Avoidant/restrictive food intake disorder: Treatment optionsAAvoidant/restrictive food intake disorder: Treatment optionsAvoidant/restrictive food intake disorder: Treatment optionsEnglishPsychiatryToddler (13-24 months);Preschooler (2-4 years);School age child (5-8 years);Pre-teen (9-12 years);Teen (13-18 years)NANANon-drug treatmentCaregivers Adult (19+)NA2016-02-02T05:00:00ZSe​ena Grewal, MD, MSc, FRCP(C);Melissa Lieberman, PhD​​000Health (A-Z) - ProcedureHealth A-Z<p>Learn how ARFID can be treated in hospital and at home.</p>​​ <p>At the moment, little is known about the most effective treatments especially for young people with <a href="/Article?contentid=274&language=English">avoidant/restrictive food intake disorder (ARFID)</a>. In general, treatment is similar to that offered to children and teens with <a href="/Article?contentid=268&language=English">anorexia nervosa</a>.</p><h2>Key points​</h2> <ul> <li>At the moment, the treatment for ARFID is similar to the treatment for anorexia nervosa.</li> <li>If a child is at an extremely low weight with an irregular heart rate or low blood pressure, they will receive treatment in a hospital. This treatment focuses on giving enough nutrition to return the child or teen to a healthy weight and limiting exercise.</li> <li>If a child is medically stable, they will be treated at an outpatient eating disorders program by a team of professionals. They will receive psychological treatment and have their weight, heart rate and blood pressure checked regularly.</li> <li>At home, the goal is to reintroduce all the foods that a child has cut out from their diet, for example through food chaining.</li> <li>If depression or anxiety is an underlying cause of ARFID, a child might be prescribed medications or receive cognitive behavioural therapy.</li> </ul><h2>In-hospital medical treatment</h2> <p>If your child is at an extremely low weight and is medically unstable (slow or irregular heart rate or low blood pressure), they will need to be admitted to hospital so their heart rate, blood pressure and weight can be monitored closely.</p> <p>ARFID causes some children to lose a lot of weight and cut out many foods from their diet. While in hospital, your child will receive the nutrition they need to help them return to health. Their activity may also be limited. </p> <p>Your child's healthcare team will adjust the amount of nutrition throughout your child's hospital stay so your child can regain weight in a steady, regular pattern. The goal is for your child to receive the amount of nutrition that their body requires to gain weight and reintroduce a variety of foods that they may have cut out during their illness.</p> <p>As a parent or caregiver, you will typically be involved in feeding by helping to supervise meals with your child. The goal for discharge is for your child to be at a medical status that is considered safe to be out of hospital (at a safe weight and with a regular heart rate and blood pressure).</p> <h2>Outpatient treatment with a care team</h2> <p>If your child with ARFID is medically stable and does not need an in-hospital stay, you will be seen by an outpatient eating disorders program. There, your child will be cared for by a team of specialists, including a psychiatrist, psychologist, dietitian, adolescent medicine doctor or paediatrician, nurse or social worker. These experts will work together to come up with the best possible care plan to meet your child's unique needs.</p> <p>Your child will visit the hospital to come to appointments, but they will not stay overnight. These hospital appointments will include psychological treatment to address the eating disorder and regular checks of your child's weight, heart rate and blood pressure. The weight checks help your child's team see how much weight your child is gaining. Weight gain is a vital part of returning the body back to health.</p><h2>Further information</h2><p>For more information on avoidant/restrictive food intake disorder (ARFID), please see the following pages:</p><p> <a href="/Article?contentid=274&language=English">ARFID: Overview</a></p><p> <a href="/Article?contentid=275&language=English">ARFID: Signs and symptoms</a></p><p> <a href="/Article?contentid=273&language=English">ARFID: Medical complications</a></p><p> <a href="/Article?contentid=272&language=English">ARFID: How to help your child at home</a></p><h2>Resources</h2><p> <a href="http://www.nedic.ca/" target="_blank">NEDIC – National Eating Disorder Infor​mation Centre</a> (Canada)</p><p> <a href="http://www.nationaleatingdisorders.org/" target="_blank">NEDA – National Eating Disorder Association</a> (United States)</p><p>American Academy of Pediatrics – <em> <a href="https://www.healthychildren.org/English/health-issues/conditions/emotional-problems/Pages/Eating-Disorders-in-Children.aspx" target="_blank">​Eating Disorders in Children</a> ​</em></p><p> <a href="http://www.b-eat.co.uk/" target="_blank">B-EAT – Beating Eating Disorders</a> (United Kingdom)</p><p> <a href="http://www.keltyeatingdisorders.ca/" target="_blank">Kelty Eating Disorders​</a> (Kelty Mental Health Resource Centre, BC Children's Hospital)</p><p>Children's Hospital of Eastern Ontario – <a href="http://www.cheo.on.ca/en/eating_disorder_info" target="_blank"> <em>Eating Disorders​</em></a></p>
Trouble d’alimentation sélective et/ou d’évitement: options de traitementTTrouble d’alimentation sélective et/ou d’évitement: options de traitementAvoidant/restrictive food intake disorder: Treatment optionsFrenchPsychiatryToddler (13-24 months);Preschooler (2-4 years);School age child (5-8 years);Pre-teen (9-12 years);Teen (13-18 years)NANANon-drug treatmentCaregivers Adult (19+)NA2016-02-02T05:00:00ZSe​ena Grewal, MD, MSc, FRCP(C);Melissa Lieberman, PhD​​000Health (A-Z) - ProcedureHealth A-Z<p>Découvrez les traitements proposés pour traiter l’ARFID en milieu hospitalier et à domicile.</p><p>On sait peu de choses jusqu’à présent sur les traitements du <a href="/Article?contentid=274&language=French">trouble d’alimentation sélective et/ou d’évitement</a> les plus efficaces, en particulier dans le cas de jeunes patients. Règle générale, le traitement proposé sera le même que celui offert pour traiter les enfants et les adolescents aux prises avec une <a href="/Article?contentid=268&language=French">anorexie mentale</a>.</p><h2>À retenir</h2> <ul><li>À l’heure actuelle, le traitement de l’ARFID est semblable à celui de l’anorexie nerveuse.</li> <li>L’enfant dont le poids est extrêmement faible et dont la fréquence cardiaque est irrégulière et la tension artérielle basse devra être admis et traité en milieu hospitalier. Le traitement visera à lui procurer suffisamment de nutriments afin qu’il retrouve un poids santé, tout en limitant tout exercice physique.</li> <li>Lorsque l’état de santé de l’enfant est stable, il sera pris en charge par le programme de traitement des troubles alimentaires en consultation externe et suivi par une équipe pluridisciplinaire. Il participera à une psychothérapie et un suivi régulier de son poids, de sa fréquence cardiaque et de sa tension artérielle sera effectué.</li> <li>À domicile, l’objectif de la thérapie sera de réintroduire les aliments que l’enfant avait retranchés de son alimentation, notamment par la technique de l’enchaînement alimentaire.</li> <li>Lorsque la cause sous-jacente de l’ARFID est une dépression ou un trouble anxieux, on pourrait prescrire à l’enfant des médicaments ou une thérapie cognitivo-comportementale.</li></ul><h2>Traitement médical en milieu hospitalier</h2> <p>Si votre enfant a perdu beaucoup de poids et qu’il est dans un état de santé précaire (une fréquence cardiaque lente ou irrégulière ou une tension basse), il faudra le garder en observation à l’hôpital afin de suivre étroitement l’évolution de sa fréquence cardiaque, de sa tension artérielle et de son poids.</p> <p>L’ARFID occasionne une perte de poids importante chez l’enfant et l’amène à restreindre de beaucoup son apport alimentaire. En milieu hospitalier, l’enfant recevra les nutriments dont il a besoin pour l’aider à se refaire une santé. Il sera sans doute également moins actif pendant son séjour à l’hôpital.</p> <p>L’équipe de soins de votre enfant ajustera sa nutrition pendant son séjour à l’hôpital afin qu’il puisse reprendre un poids santé de manière graduelle et constante. L’objectif est d’alimenter votre enfant en nutriments de manière à ce qu’il prenne du poids tout en introduisant à nouveau divers aliments qu’il a pu décider de supprimer durant sa maladie.</p> <p>À titre de parent ou de soignant, vous serez normalement appelé à participer à l’alimentation de votre enfant en aidant à surveiller ses repas. Le but est de faire en sorte qu’il obtienne son congé de l’hôpital lorsque son état de santé sera considéré comme étant sécuritaire au point de pouvoir quitter l’hôpital (votre enfant ayant retrouvé un poids santé ainsi qu’une fréquence cardiaque et une tension artérielle stables).</p> <h2>Le traitement en consultation externe avec le soutien d’une équipe de soins</h2> <p>Si l’état de santé de votre enfant aux prises avec l’ARFID est stable et ne nécessite pas un séjour à l’hôpital, il sera pris en charge par le programme de traitement des troubles alimentaires en consultation externe. Il sera alors confié à une équipe de spécialistes, composée d’un psychiatre, d’un psychologue, d’une diététicienne, d’un pédiatre spécialisé dans le traitement des enfants ou des adolescents, selon les cas, et d’un infirmier ou d’une infirmière ou d’un travailleur social. Ces professionnels conjugueront leurs efforts afin de mettre en place le plan de soins le mieux adapté aux besoins particuliers de votre enfant.</p> <p>Votre enfant devra se rendre à l’hôpital pour ses rendez-vous, mais il n’aura pas à y séjourner. Les rendez-vous visent à offrir une psychothérapie à votre enfant afin de régler ses problèmes alimentaires et à assurer un suivi régulier de son poids, de sa fréquence cardiaque et de sa tension artérielle. En outre, le suivi de son poids permet à l’équipe de soins de vérifier le rythme de reprise du poids de votre enfant. La prise de poids est effectivement un élément essentiel du retour de votre enfant à un état de santé optimal.</p><h2>En savoir plus</h2><p>Pour plus d’informations sur trouble d’alimentation sélective et/ou d’évitement (ARFID), consultez les pages suivantes:​</p><p> <a href="/Article?contentid=274&language=French">L’ARFID: présentation générale</a></p><p> <a href="/Article?contentid=275&language=French">L’ARFID: signes </a> <a href="/Article?contentid=275&language=French">avant-coureurs</a><a href="/Article?contentid=275&language=French">​</a></p><p> <a href="/Article?contentid=273&language=French">L’ARFID: complications médicales</a></p><p> <a href="/Article?contentid=272&language=French">L’ARFID: comment aider votre enfant à la maison</a><br></p><h2>Ressources</h2><p style="font-weight:normal;"> <a href="http://www.nedic.ca/" target="_blank">NEDIC – Centre d’information sur les troubles alimentaires</a> (Canada)</p><p style="font-weight:normal;"> <a href="http://www.nationaleatingdisorders.org/">NEDA – Association nationale des troubles alimentaires</a> (États-Unis)</p><p style="font-weight:normal;">L'académie américaine de pédiatrie – <em> <a href="https://www.healthychildren.org/English/health-issues/conditions/emotional-problems/Pages/Eating-Disorders-in-Children.aspx" target="_blank">​Eating Disorders in Children</a></em></p><p style="font-weight:normal;"> <a href="http://www.nationaleatingdisorders.org/" target="_blank">B-EAT – Lutter contre les troubles alimentaires</a> (Royaume Uni)</p><p style="font-weight:normal;"> <a href="http://www.keltyeatingdisorders.ca/" target="_blank">Troubles alimentaires Kelty</a> (Centre de ressources sur la santé mentale Kelty, Hôpital pour enfants de la Colombie-Britannique)</p><p style="font-weight:normal;"></p><p style="font-weight:normal;">Le Centre hospitalier pour enfants de l’est de l’Ontario – <a href="http://www.cheo.on.ca/en/eating_disorder_info" target="_blank"> <em>Eating Disorders​​</em></a></p> <br>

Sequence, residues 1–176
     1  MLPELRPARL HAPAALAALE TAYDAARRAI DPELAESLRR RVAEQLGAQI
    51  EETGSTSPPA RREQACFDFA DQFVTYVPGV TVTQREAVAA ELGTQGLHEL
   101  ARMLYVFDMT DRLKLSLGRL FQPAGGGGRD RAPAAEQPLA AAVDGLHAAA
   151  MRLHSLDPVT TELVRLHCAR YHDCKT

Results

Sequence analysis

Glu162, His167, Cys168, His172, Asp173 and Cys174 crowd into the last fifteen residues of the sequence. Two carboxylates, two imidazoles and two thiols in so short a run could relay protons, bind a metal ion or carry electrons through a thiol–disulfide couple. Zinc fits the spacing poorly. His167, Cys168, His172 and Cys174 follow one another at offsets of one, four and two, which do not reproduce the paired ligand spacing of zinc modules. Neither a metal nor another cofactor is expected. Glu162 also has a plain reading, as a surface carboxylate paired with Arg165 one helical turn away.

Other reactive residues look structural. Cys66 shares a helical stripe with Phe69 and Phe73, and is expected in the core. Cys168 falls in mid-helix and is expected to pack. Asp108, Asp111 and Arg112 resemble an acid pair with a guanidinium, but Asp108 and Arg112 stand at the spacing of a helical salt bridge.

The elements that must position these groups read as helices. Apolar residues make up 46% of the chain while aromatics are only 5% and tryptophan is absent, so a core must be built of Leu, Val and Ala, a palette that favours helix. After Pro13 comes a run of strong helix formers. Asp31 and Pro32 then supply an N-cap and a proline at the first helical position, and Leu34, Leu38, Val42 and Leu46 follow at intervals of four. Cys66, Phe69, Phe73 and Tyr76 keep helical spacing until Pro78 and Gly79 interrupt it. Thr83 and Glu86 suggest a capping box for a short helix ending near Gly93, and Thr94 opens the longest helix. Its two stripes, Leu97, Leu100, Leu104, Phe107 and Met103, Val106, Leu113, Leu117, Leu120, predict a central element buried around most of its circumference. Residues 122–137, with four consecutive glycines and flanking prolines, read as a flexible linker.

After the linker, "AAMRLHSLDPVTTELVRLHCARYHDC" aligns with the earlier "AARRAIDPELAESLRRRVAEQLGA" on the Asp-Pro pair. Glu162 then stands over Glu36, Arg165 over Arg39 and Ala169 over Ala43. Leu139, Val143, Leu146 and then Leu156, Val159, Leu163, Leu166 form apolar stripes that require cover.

Avoidant/restrictive food intake disorder: Treatment options703.000000000000Avoidant/restrictive food intake disorder: Treatment optionsAvoidant/restrictive food intake disorder: Treatment optionsAEnglishPsychiatryToddler (13-24 months);Preschooler (2-4 years);School age child (5-8 years);Pre-teen (9-12 years);Teen (13-18 years)NANANon-drug treatmentCaregivers Adult (19+)NA2016-02-02T05:00:00ZSe​ena Grewal, MD, MSc, FRCP(C);Melissa Lieberman, PhD​​000Health (A-Z) - ProcedureHealth A-Z<p>Learn how ARFID can be treated in hospital and at home.</p>​​ <p>At the moment, little is known about the most effective treatments especially for young people with <a href="/Article?contentid=274&language=English">avoidant/restrictive food intake disorder (ARFID)</a>. In general, treatment is similar to that offered to children and teens with <a href="/Article?contentid=268&language=English">anorexia nervosa</a>.</p><h2>Key points​</h2> <ul> <li>At the moment, the treatment for ARFID is similar to the treatment for anorexia nervosa.</li> <li>If a child is at an extremely low weight with an irregular heart rate or low blood pressure, they will receive treatment in a hospital. This treatment focuses on giving enough nutrition to return the child or teen to a healthy weight and limiting exercise.</li> <li>If a child is medically stable, they will be treated at an outpatient eating disorders program by a team of professionals. They will receive psychological treatment and have their weight, heart rate and blood pressure checked regularly.</li> <li>At home, the goal is to reintroduce all the foods that a child has cut out from their diet, for example through food chaining.</li> <li>If depression or anxiety is an underlying cause of ARFID, a child might be prescribed medications or receive cognitive behavioural therapy.</li> </ul><h2>In-hospital medical treatment</h2> <p>If your child is at an extremely low weight and is medically unstable (slow or irregular heart rate or low blood pressure), they will need to be admitted to hospital so their heart rate, blood pressure and weight can be monitored closely.</p> <p>ARFID causes some children to lose a lot of weight and cut out many foods from their diet. While in hospital, your child will receive the nutrition they need to help them return to health. Their activity may also be limited. </p> <p>Your child's healthcare team will adjust the amount of nutrition throughout your child's hospital stay so your child can regain weight in a steady, regular pattern. The goal is for your child to receive the amount of nutrition that their body requires to gain weight and reintroduce a variety of foods that they may have cut out during their illness.</p> <p>As a parent or caregiver, you will typically be involved in feeding by helping to supervise meals with your child. The goal for discharge is for your child to be at a medical status that is considered safe to be out of hospital (at a safe weight and with a regular heart rate and blood pressure).</p> <h2>Outpatient treatment with a care team</h2> <p>If your child with ARFID is medically stable and does not need an in-hospital stay, you will be seen by an outpatient eating disorders program. There, your child will be cared for by a team of specialists, including a psychiatrist, psychologist, dietitian, adolescent medicine doctor or paediatrician, nurse or social worker. These experts will work together to come up with the best possible care plan to meet your child's unique needs.</p> <p>Your child will visit the hospital to come to appointments, but they will not stay overnight. These hospital appointments will include psychological treatment to address the eating disorder and regular checks of your child's weight, heart rate and blood pressure. The weight checks help your child's team see how much weight your child is gaining. Weight gain is a vital part of returning the body back to health.</p><h2>Nutritional treatment</h2> <p>Families can sometimes be surprised by how much nutrition their child needs just for their body to start to rebuild and get back to a healthy weight. If your child is receiving treatment, it is best to reintroduce all the foods that your child cut out while they developed the eating disorder and have them eat a variety of foods from all the food groups.</p> <h2>Behavioural interventions</h2> <p>Behavioural interventions are techniques to help someone learn to change their behaviour. One type of behavioural intervention is "exposure therapy". This involves exposing a child with ARFID to a food they may fear or avoid, in a safe setting, so that they may overcome their negative feelings towards it. Another method is called "food chaining". This involves introducing new foods that are similar to those already preferred by the child so that they are more likely to try them. </p> <h2>Psychological therapy</h2> <p>Some children and teens with ARFID may also experience depression and/or <a href="/Article?contentid=18&language=English">anxiety</a>. If this affects feeding, they may benefit from <a href="/Article?contentid=702&language=English">cognitive behavioral therapy (CBT)</a> and other treatments for their underlying condition. CBT is a type of goal-oriented psychotherapy to help someone change the patterns of thinking or behaviour that are behind their mental health difficulties.</p> <h2>Medication</h2> <p>If a child has anxiety or depression and it interferes with their ability to function or take part in their eating disorder treatment, they may be prescribed <a href="/Article?contentid=701&language=English">medication​</a> along with psychological therapy.</p> <p>The most common medications prescribed are antidepressants, but sometimes people with ARFID may also be prescribed anti-psychotic medication to help them with very severe anxiety or distorted beliefs.</p><h2>Further information</h2><p>For more information on avoidant/restrictive food intake disorder (ARFID), please see the following pages:</p><p> <a href="/Article?contentid=274&language=English">ARFID: Overview</a></p><p> <a href="/Article?contentid=275&language=English">ARFID: Signs and symptoms</a></p><p> <a href="/Article?contentid=273&language=English">ARFID: Medical complications</a></p><p> <a href="/Article?contentid=272&language=English">ARFID: How to help your child at home</a></p><h2>Resources</h2><p> <a href="http://www.nedic.ca/" target="_blank">NEDIC – National Eating Disorder Infor​mation Centre</a> (Canada)</p><p> <a href="http://www.nationaleatingdisorders.org/" target="_blank">NEDA – National Eating Disorder Association</a> (United States)</p><p>American Academy of Pediatrics – <em> <a href="https://www.healthychildren.org/English/health-issues/conditions/emotional-problems/Pages/Eating-Disorders-in-Children.aspx" target="_blank">​Eating Disorders in Children</a> ​</em></p><p> <a href="http://www.b-eat.co.uk/" target="_blank">B-EAT – Beating Eating Disorders</a> (United Kingdom)</p><p> <a href="http://www.keltyeatingdisorders.ca/" target="_blank">Kelty Eating Disorders​</a> (Kelty Mental Health Resource Centre, BC Children's Hospital)</p><p>Children's Hospital of Eastern Ontario – <a href="http://www.cheo.on.ca/en/eating_disorder_info" target="_blank"> <em>Eating Disorders​</em></a></p><img alt="" src="https://assets.aboutkidshealth.ca/AKHAssets/avoidant_restrictive_treatment_options.jpg" style="BORDER:0px solid;" />https://assets.aboutkidshealth.ca/AKHAssets/avoidant_restrictive_treatment_options.jpgAvoidant/restrictive food intake disorder: Treatment options